Size really doesn’t matter when it comes to the determined Freya Thomson. You can find her in the early hours of the morning at the gym training her clients and in the late hours of the evening being trained herself in the kickboxing variant of Muay Thai.
“I was the sporty girl at school. I loved going to the gym, and was very passionate about eating healthily and having a healthy lifestyle. I was the girl who would try to get the overweight girls to go out for a walk and not drink Coke. So I was that girl, the annoying one,” Freya Thomson laughs.
Ever since she can remember, Freya has been doing some form of sport. “When I was ten I decided to go vegetarian then, later on, vegan and I just noticed how much that changed and helped me. I became a better athlete and it meant I persevered with sport, rather than it just being a thing you did after school.”
New Zealand’s culture surrounding health, exercise and lifestyle is “pretty slack” in Freya’s eyes, with her message being for people to get off the couch and start moving. “It doesn’t have to be high-intensity, scary stuff, it is just about moving, changing one unhealthy lifestyle choice. Swapping juice for water or a herbal tea is enough. It doesn’t need to be this dramatic drop that you are never going to maintain.”
“You go to the supermarket and see the obese, really unhealthy looking people and look at their trolleys and it’s chips, white bread, pasta, fizzy drink and juice. You can just see the difference.”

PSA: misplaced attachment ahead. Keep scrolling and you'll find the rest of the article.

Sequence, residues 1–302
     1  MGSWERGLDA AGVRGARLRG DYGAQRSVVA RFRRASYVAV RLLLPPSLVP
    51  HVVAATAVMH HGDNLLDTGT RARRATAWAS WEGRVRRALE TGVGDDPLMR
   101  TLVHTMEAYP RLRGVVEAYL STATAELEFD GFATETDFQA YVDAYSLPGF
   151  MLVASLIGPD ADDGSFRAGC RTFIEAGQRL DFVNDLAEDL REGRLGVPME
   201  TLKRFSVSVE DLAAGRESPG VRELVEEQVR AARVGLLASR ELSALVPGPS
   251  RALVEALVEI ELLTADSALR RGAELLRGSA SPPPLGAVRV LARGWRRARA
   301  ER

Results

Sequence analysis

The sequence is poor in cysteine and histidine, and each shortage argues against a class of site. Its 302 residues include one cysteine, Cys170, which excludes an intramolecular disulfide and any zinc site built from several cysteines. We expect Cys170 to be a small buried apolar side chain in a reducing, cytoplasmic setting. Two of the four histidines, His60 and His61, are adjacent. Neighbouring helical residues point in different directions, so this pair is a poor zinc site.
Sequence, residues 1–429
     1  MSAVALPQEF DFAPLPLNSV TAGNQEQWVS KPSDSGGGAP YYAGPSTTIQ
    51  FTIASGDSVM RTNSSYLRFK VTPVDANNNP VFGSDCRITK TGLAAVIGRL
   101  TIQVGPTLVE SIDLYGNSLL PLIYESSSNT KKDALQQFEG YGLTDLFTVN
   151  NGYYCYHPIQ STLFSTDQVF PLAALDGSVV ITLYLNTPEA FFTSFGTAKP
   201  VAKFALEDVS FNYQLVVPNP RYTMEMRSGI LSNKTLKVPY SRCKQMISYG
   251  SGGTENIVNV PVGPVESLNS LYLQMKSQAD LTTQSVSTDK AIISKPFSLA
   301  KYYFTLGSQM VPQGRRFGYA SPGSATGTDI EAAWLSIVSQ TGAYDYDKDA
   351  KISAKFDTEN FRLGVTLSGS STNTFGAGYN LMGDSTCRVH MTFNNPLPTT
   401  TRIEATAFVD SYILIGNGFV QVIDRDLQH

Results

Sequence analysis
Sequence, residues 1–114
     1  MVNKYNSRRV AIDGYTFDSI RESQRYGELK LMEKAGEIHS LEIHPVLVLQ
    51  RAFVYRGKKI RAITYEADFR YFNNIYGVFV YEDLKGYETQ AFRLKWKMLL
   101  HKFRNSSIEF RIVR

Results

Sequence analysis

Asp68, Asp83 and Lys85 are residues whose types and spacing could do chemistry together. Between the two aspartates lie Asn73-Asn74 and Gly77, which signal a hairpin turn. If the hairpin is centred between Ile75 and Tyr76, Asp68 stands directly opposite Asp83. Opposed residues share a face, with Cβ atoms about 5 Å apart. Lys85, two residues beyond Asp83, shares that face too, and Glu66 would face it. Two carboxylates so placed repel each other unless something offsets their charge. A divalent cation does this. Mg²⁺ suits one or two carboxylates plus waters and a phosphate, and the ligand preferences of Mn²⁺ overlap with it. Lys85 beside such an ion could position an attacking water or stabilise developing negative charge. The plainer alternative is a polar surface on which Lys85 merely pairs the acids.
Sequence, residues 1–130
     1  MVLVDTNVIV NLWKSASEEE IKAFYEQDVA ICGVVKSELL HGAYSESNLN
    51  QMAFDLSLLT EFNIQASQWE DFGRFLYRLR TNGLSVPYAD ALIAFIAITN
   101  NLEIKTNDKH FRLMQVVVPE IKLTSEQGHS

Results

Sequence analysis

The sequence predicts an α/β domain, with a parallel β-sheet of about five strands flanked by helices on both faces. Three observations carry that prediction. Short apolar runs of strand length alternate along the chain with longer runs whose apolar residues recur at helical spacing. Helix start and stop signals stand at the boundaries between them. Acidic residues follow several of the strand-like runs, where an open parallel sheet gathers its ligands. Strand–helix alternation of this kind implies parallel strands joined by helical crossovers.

The day I wake up and not want to go to the gym is the day that I need to find a new job
“It’s the Kiwi culture of ‘it’ll be right’ or ‘that’s too hard I just won’t bother’ that has created this thing where the gym is only for fit people. So it’s really hard for people who have never been before to come into the gym and acknowledge that they need help. If it’s not one week it’s two weeks, then a month, then six months and all of a sudden you are overweight with heart disease.”
Helping clients to reach their goals, or make significant lifestyle changes, is the most rewarding part of her job as a personal trainer at Massey Rec Centre. “It’s when clients come in and are so stoked about their lifestyle changes, especially ones with quite severe medical conditions. When they come in and say, ‘My doctor said I can drop this medication’, those cases are highlights. It’s cool to know that I have made that kind of change to someone’s life.”
Improving a client’s lifestyle one bad habit at a time is all in a day’s work, but for Freya it doesn’t stop there. She’s also passionate about training in Muay Thai, a combat sport that uses stand-up striking and includes various hits and blocking techniques that aim to injure or incapacitate, which she converted to in 2009.
“I changed to Muay Thai from Taekwondo because I only wanted to spar, and I joined a local Muay Thai gym around the corner just to get in some sparring practice. I then really wanted a Muay Thai fight, but my trainer at the time wouldn’t let me until I quit Taekwondo. It seemed like the right time and after the first fight I was hooked.”